Nurses are wearing PPE over long, gruelling shifts. The very wearing of this degree of PPE can make nurses feel isolated from their colleagues and patients. Some tape a photo of themselves onto their front to help foster a connection with their patients and colleagues. Many nurses are separated from their families out of fear of spreading the virus to their loved ones. For those that do return home after exhausting shifts, clothes are removed before entering the house and showering. Until this has been done, they cannot embrace their partner or children.
“The impact of this pandemic is compounding and we’re realising that it’s not a sprint but a marathon. Any long-distance athlete knows that you cannot maintain an intense pace indefinitely. Over time the stresses take their toll.
“The level of intensity we saw in the first weeks of the pandemic is not sustainable. Charged with adrenaline, health workers might have thought that they could sacrifice seeing their families to battle the virus, but after four weeks or so, mental resilience begins to break down.
Dr Collins explained that once health professionals came to realise that they were in this for the long haul, they understood they would have to ratchet back and take care of themselves in order to prevent burnout.
“One nurse I spoke to had been working for 157 days straight.
“This situation is not normal. Under normal circumstances one or more patients wouldn’t be dying each day. Healthcare workers wouldn’t be cut off from their support networks. There is a real sense of urgency and crisis — of life and death. It’s intense.”
So what are some of the strategies that can help in this unprecedented situation?
Smiling Mind and the Australian Government have been working together to ensure that healthcare workers have access to mental health support.
“When people are isolated and with no outlet, their mental health really suffers, so programs such as Smiling Mind’s Healthcare Worker Program are extremely helpful resources,” Dr Collins said.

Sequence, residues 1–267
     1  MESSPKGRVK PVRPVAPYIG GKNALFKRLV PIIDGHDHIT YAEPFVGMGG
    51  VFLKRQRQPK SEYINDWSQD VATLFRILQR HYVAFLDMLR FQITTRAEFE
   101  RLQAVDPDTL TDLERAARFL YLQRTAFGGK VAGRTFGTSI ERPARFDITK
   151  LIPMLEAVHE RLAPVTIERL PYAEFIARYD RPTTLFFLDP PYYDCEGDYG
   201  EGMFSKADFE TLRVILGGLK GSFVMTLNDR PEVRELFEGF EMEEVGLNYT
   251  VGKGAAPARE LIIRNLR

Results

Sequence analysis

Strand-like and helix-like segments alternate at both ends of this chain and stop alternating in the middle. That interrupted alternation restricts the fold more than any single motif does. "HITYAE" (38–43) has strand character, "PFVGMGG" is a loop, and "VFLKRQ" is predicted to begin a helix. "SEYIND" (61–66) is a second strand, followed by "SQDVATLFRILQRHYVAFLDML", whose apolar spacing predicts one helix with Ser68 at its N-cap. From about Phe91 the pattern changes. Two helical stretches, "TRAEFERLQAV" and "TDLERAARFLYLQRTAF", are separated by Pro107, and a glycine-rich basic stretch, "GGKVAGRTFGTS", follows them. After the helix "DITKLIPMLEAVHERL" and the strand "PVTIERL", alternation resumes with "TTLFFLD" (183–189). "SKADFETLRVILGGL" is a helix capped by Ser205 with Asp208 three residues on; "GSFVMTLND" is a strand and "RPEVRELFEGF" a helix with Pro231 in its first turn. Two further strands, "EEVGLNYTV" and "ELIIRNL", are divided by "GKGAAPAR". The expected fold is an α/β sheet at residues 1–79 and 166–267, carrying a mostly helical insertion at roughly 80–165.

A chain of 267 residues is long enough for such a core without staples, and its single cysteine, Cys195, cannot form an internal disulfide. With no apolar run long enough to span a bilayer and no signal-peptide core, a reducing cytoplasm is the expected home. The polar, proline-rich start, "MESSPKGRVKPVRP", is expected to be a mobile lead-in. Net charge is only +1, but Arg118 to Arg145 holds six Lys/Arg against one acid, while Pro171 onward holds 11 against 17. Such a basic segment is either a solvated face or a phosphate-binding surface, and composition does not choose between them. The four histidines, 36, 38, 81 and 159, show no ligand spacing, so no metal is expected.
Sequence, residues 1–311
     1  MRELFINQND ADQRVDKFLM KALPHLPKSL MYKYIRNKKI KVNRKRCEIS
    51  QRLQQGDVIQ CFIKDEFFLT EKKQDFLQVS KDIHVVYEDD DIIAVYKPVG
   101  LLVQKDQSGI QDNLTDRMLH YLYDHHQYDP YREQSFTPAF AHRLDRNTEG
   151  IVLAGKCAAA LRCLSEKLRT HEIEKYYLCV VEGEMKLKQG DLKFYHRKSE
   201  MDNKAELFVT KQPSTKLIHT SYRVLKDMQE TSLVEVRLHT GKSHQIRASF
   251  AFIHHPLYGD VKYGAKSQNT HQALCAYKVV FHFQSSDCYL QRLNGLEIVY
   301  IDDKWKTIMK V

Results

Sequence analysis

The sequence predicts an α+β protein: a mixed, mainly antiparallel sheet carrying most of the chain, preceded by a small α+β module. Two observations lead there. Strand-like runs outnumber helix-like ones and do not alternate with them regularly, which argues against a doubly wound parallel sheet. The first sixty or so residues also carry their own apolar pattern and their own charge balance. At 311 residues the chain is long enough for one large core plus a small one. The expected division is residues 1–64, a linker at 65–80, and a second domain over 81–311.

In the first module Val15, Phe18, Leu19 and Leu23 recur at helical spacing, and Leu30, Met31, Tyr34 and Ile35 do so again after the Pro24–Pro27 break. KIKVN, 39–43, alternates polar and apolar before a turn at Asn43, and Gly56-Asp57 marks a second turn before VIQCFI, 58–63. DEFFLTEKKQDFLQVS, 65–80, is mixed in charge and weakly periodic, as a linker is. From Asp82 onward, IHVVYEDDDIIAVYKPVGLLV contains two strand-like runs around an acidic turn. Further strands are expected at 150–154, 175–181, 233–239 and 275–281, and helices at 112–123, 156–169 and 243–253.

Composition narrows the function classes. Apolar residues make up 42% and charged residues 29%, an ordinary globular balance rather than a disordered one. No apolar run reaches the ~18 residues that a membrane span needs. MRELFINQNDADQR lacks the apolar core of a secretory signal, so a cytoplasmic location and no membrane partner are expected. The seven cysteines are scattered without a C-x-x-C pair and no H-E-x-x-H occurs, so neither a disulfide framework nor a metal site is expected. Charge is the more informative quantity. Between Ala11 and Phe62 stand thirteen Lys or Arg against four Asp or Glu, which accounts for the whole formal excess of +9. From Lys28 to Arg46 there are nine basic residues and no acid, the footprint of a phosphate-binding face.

The app-based mindfulness program is designed to provide busy healthcare workers with easily accessible information, resources and practical activities designed to support good mental health and wellbeing. The program covers topics such as mindfulness, stress management, clear thinking, connection, resilience and sleep.
Dr Collins explained that one strategy to relieve the burden of the pandemic on nurses is to group together patients that require increased care. The creation of COVID-only facilities allows staff rotation so that healthcare workers aren’t always dealing solely with critically ill COVID-19 patients.
Boosting staff levels will be critical over the coming months. Nurses approaching retirement will not want to repeat their experience of working at the frontline of a pandemic. It is likely that the nursing profession may face critical staff shortages.
Dr Collins said that one of the key strategies to helping our health workforce lies in good leadership.
“Leaders need to look at how they can relieve the burden that is placed on nurses and other healthcare workers, especially in the current circumstances.”
Dr Collins advocates the use of technology to lift a portion of the heavy burden that falls on the shoulders of frontline nurses.
“Technology can carry the burden of memory by providing accurate, timely information to relieve clinicians’ cognitive load and help improve patient safety.
“A device that can relieve the burden of memory is going to have a huge positive impact. Instead of having to remember all the things I need to do during a shift, the device remembers for me.
“A hands-free, voice-activated wearable really comes into its own during a time when nurses are swathed in PPE and trying to avoid touching shared surfaces. I can just say ‘Okay, Vocera!’ and communicate or get the information I need.”